A selection of the month’s news stories curated by the team at Ayming, along with their expert insights. This month, the team provide their thoughts on the new government procurement measures to prioritise social value, and the dramatic transformation of UK PPE production.
New measures to deliver value to society through public procurement
“Social value considerations had started creeping into some public sector procurement events in recent years but, with this announcement of new government procurement measures, it will become the norm from 2021. Reading this press release, one interesting thought comes to mind: how well equipped are public bodies at ensuring the social value they are scoring in tenders is actually delivered. Ensuring buyers are qualified enough to use the social value principles is highlighted and is important, but equally important is ensuring contract managers are adept at implementing and extracting the social value in the long term.
Having spoken to some local council procurement teams who have implemented similar social value measures in contracts, there is always a nagging doubt as to whether they were ever fully delivered by contract managers. Ensuring that the social value scores are fair to SMEs, implementable and, most importantly traceable is key to ensuring this doesn’t become a box ticking exercise.”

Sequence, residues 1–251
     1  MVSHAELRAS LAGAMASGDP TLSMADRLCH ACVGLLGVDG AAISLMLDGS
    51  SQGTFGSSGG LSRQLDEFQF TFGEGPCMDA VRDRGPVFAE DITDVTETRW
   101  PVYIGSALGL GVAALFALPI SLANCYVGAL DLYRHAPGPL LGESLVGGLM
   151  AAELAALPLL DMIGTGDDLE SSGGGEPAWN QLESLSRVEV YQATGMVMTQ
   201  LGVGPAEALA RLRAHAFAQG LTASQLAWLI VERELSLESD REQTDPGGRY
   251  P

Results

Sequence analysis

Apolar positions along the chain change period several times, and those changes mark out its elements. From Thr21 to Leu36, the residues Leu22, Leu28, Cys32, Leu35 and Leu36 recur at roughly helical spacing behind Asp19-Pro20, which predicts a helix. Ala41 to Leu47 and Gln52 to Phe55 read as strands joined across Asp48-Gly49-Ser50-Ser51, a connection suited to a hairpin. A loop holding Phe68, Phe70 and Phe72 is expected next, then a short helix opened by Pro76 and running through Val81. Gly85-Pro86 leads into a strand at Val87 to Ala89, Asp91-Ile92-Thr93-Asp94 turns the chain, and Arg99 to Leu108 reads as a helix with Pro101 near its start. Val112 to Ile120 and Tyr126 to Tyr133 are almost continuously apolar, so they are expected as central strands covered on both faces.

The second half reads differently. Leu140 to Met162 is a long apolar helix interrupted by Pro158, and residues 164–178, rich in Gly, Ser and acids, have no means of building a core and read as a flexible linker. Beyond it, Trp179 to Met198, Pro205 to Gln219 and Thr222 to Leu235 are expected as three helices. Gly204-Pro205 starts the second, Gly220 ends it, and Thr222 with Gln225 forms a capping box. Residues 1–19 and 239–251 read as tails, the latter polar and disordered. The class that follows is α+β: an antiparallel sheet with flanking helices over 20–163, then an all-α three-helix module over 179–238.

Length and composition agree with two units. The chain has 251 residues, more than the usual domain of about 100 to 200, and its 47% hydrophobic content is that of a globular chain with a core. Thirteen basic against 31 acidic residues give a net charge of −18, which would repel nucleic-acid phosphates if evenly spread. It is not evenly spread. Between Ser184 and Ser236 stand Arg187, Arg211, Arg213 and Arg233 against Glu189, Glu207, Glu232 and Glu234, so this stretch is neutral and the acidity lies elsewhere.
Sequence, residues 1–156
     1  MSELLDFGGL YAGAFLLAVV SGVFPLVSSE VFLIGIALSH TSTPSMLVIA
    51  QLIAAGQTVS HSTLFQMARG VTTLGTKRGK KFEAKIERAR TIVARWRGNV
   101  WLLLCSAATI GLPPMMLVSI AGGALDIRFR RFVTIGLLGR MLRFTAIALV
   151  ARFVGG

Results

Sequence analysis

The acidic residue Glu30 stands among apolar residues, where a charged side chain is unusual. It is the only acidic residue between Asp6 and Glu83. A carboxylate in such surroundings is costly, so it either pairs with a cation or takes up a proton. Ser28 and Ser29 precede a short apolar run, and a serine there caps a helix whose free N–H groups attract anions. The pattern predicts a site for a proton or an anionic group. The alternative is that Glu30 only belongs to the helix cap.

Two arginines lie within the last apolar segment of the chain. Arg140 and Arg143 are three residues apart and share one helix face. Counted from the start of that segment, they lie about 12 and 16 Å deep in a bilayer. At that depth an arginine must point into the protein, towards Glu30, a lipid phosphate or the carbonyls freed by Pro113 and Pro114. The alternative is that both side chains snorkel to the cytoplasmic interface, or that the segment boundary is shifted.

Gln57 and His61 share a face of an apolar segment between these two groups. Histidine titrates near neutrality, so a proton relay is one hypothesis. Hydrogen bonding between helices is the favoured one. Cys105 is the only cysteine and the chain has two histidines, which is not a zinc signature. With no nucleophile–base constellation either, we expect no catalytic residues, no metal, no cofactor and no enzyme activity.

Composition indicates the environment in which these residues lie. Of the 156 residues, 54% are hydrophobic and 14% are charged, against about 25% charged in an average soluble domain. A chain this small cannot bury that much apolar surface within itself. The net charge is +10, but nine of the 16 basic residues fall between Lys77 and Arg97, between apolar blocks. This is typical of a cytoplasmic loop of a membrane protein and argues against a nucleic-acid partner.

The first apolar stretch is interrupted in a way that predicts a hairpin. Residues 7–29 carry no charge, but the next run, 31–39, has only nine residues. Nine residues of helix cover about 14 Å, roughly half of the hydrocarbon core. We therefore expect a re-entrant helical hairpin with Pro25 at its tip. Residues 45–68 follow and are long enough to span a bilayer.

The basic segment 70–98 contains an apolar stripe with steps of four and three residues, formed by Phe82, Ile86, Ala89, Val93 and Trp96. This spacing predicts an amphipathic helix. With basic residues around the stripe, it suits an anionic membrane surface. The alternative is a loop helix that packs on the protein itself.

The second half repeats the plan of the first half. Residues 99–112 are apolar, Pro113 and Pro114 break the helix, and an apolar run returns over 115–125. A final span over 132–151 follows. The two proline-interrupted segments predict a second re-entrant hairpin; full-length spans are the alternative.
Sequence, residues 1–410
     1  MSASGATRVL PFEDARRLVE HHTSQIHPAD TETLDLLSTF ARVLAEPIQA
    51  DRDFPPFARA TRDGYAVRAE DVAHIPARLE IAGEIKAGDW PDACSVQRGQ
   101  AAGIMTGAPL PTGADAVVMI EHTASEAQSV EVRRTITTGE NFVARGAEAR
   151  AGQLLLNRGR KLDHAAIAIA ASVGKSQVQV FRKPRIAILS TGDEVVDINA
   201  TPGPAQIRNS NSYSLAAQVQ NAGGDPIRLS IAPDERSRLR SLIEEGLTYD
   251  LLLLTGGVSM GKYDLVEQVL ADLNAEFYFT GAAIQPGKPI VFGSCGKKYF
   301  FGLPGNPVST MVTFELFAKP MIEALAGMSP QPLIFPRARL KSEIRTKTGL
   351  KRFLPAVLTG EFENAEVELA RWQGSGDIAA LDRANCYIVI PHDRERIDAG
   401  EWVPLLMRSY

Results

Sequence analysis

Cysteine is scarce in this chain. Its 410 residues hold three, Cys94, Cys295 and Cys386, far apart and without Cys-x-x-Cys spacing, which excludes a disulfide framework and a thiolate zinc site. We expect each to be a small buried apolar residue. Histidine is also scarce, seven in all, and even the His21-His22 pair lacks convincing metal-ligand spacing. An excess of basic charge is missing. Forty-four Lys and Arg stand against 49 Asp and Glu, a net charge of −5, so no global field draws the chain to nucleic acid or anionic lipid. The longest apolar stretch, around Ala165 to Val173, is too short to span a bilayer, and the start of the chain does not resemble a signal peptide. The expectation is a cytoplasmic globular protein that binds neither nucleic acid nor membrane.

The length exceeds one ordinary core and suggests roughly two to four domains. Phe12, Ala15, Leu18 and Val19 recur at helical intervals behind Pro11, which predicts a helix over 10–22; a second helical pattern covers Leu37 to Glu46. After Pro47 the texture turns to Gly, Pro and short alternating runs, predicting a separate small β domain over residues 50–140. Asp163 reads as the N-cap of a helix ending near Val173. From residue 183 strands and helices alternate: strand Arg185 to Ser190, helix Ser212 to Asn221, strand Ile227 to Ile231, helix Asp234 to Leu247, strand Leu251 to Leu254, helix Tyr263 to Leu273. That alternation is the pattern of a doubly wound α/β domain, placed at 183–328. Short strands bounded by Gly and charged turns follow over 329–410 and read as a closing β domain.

Grace Maturi. Manager, Ayming
Article in focus: https://www.gov.uk/
UK Government confirms supply chain plan in COVID-19 battle
“A short article this one, but one that has me channelling my inner Steven Levitt. The move from 1% of the UK’s total PPE to 70% in 10 months is a huge, market-altering swing that, in the current context, the government are right to celebrate. It’s the perfect example of the micro economic principles of demand and supply. Given the cost of labour in the UK, it’s unlikely that these suppliers were producing PPE and exporting it. This means they’ve pivoted their production capacity and, importantly, their supply chain to meet the demand and are likely being rewarded handsomely with lucrative government contracts.
What will be interesting to track though, is how strong those pivoted supply chains are in the long run. As we all hope that demand falls in the coming months and years, it will be important that those within government procurement, so keen to celebrate the growth of this industry, properly plan the decline of it. Certain procurement measures could help to stop a supply chain shock occurring, further damaging the economic recovery.”
James Bousher. Director, Ayming
Article in focus: https://www.supplychaindigital.com/
Using Location Technology to Achieve True Supply-Chain Visibility
As pandemic-hit international supply chains look to get back on their feet, executives face tough choices…
Full story: https://www.supplychainbrain.com/
Coca-Cola’s approach to dedicated operations amid market swings
When volumes tanked, the beverage maker found other ways to keep trucks moving…
Full story: https://www.supplychaindive.com/
Philips: Setting the bar for sustainability
Dutch multinational Philips recently found that only 10% of its suppliers complied with all of its sustainability criteria…
Full story: https://www.procurementleaders.com/